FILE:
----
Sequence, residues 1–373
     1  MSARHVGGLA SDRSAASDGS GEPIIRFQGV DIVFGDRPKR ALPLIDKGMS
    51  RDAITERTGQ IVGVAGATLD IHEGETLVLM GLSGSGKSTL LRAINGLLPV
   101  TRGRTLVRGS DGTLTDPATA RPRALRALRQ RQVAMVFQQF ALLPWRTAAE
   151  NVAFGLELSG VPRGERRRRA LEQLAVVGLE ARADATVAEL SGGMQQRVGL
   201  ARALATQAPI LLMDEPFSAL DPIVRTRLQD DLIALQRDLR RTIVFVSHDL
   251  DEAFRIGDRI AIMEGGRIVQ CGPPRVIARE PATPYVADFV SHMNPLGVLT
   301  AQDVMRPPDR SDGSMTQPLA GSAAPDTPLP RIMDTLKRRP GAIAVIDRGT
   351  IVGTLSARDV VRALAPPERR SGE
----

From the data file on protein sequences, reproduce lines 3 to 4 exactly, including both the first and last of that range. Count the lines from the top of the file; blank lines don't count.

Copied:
    51  RDAITERTGQ IVGVAGATLD IHEGETLVLM GLSGSGKSTL LRAINGLLPV
   101  TRGRTLVRGS DGTLTDPATA RPRALRALRQ RQVAMVFQQF ALLPWRTAAE